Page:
From State Policy Chief to Provider
Beal, Eileen, Aging Today
Richard Browdie misses being on the aging A-list. "I was always getting calls from the media and policymakers when aging-related issues would come up," recalled the nationally recognized U.S. public-policy expert. Yet, last year Browdie realized that his 3o-year climb up the public policy-making tree had topped him out. Browdie had served as executive director of the National Association of Area Agencies on Aging and capped his career with seven years as the Pennsylvania Secretary of Aging. "I knew that in the natural, organic way of the world, after that position I was going to have to do something different. Very different," the 55-year-old veteran policy wonk told Aging Today.
Since May 6,2002, Browdie, a former president of the American Society on Aging (ASA) Board of Directors (1998-- 2000), has moved from being a state policy chief to serving as a long-term care provider. He has replaced the now-retired Alice Kethley, also a previous ASA board president, as the president and CEO of Benjamin Rose. The nationally emulated, 94-year-old nonprofit long-term care provider serves the needs of elders and their families in the Cleveland area through community-based and residential care, research, education and advocacy.
POLICYMAKER TO PROVIDER
Stepping from policymaker to provider hadn't been on Browdie's mind when Governor Tom Ridge asked him to be Pennsylvania's top official on aging in 1995, but he knew his appointment had a time limit and planned accordingly. "When I took the job, I started thinking immediately: What's my next job going to be?" he explained in an interview. When President Bush tapped the Republican governor to head the Office of Homeland Security last fall, Browdie-- the only Democrat serving at the cabinet level in Pennsylvania-began getting, and listening to, offers.
The opportunity that piqued his interest the most was heading Benjamin Rose. Browdie stressed that the lure for him was both in the organization's strengths and the challenges of the job. On the plus side were Benjamin Rose's long history (it was founded by Rose, a Cleveland industrialist in 1908 as a nonsectarian agency to help elders), its tremendous community goodwill, and-with nationally respected staff, such as Linda Noelker, the newly appointed editor of The Gerontologist, the journal of the Gerontological Society of America-its tremendous team of researchers. "It's our research, and how we use it to be an advocate for change, that's going to put us in the forefront of aging agencies," Browdie stated.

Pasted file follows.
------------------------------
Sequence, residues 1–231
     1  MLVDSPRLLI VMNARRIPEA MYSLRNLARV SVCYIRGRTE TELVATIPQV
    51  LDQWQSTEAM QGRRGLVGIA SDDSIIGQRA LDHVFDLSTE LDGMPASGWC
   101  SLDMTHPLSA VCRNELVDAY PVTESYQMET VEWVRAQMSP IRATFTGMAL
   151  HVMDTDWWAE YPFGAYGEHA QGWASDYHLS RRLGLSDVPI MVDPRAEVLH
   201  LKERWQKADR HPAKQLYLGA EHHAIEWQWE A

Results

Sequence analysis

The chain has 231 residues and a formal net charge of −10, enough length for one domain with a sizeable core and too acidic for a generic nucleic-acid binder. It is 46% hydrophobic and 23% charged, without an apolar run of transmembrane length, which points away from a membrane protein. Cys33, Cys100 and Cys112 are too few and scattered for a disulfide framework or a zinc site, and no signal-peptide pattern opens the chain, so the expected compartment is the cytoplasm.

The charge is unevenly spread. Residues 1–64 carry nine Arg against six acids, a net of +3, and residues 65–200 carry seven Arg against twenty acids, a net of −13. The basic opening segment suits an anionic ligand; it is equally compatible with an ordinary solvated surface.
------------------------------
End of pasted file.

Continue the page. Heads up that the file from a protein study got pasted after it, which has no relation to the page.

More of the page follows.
The pluses are balanced by the harsh reality of the organization's stagnating financial resources. As at many nonprofits, even well-established social service agencies, Benjamin Rose has seen the nosediving stock market shrink the principal of its financial endowment, has watched charitable donations fall and has witnessed an increasingly strained state budget for long-term care. "We are stretched to the max," Browdie said. "Benjamin Rose's existence isn't threatened, but our ability to keep up the level of services we provide certainly is." He added, "Cost containment, that's my biggest challenge."
To make matters worse, he noted, the level of public funding for aging programs in Ohio is low. "There's simply no comparison," Browdie said, to Pennsylvania, which provides one of the most generous state programs for elders in the nation.
Browdie said his transition from "ranking-public officialdom" to a local service-delivery agency is actually a return to his roots. "People see me as a policy expert today, but I've never been interested in policy for its own sake," he emphasized. "It's the practical application of policy that has always gotten me interested."
He explained that his first "real" job was as a case manager for an emergency food and medical services program serving older residents of Union City, Penn.
Before too long he was the organization's grants writer, and that position led to his selection as director of the Area Agency on Aging. …